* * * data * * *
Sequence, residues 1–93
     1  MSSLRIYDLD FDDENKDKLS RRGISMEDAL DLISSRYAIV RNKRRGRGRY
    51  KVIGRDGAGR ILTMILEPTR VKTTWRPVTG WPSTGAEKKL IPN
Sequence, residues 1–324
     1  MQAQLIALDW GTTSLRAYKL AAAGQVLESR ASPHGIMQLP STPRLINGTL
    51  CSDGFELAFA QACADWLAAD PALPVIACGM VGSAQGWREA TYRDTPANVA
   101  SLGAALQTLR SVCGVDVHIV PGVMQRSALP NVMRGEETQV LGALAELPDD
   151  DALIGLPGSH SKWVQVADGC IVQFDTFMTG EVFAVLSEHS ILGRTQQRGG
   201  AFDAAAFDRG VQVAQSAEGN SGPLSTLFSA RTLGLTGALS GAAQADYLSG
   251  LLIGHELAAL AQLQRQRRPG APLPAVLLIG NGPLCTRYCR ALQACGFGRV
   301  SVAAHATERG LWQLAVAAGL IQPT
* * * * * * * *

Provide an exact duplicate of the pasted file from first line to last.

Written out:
Sequence, residues 1–93
     1  MSSLRIYDLD FDDENKDKLS RRGISMEDAL DLISSRYAIV RNKRRGRGRY
    51  KVIGRDGAGR ILTMILEPTR VKTTWRPVTG WPSTGAEKKL IPN
Sequence, residues 1–324
     1  MQAQLIALDW GTTSLRAYKL AAAGQVLESR ASPHGIMQLP STPRLINGTL
    51  CSDGFELAFA QACADWLAAD PALPVIACGM VGSAQGWREA TYRDTPANVA
   101  SLGAALQTLR SVCGVDVHIV PGVMQRSALP NVMRGEETQV LGALAELPDD
   151  DALIGLPGSH SKWVQVADGC IVQFDTFMTG EVFAVLSEHS ILGRTQQRGG
   201  AFDAAAFDRG VQVAQSAEGN SGPLSTLFSA RTLGLTGALS GAAQADYLSG
   251  LLIGHELAAL AQLQRQRRPG APLPAVLLIG NGPLCTRYCR ALQACGFGRV
   301  SVAAHATERG LWQLAVAAGL IQPT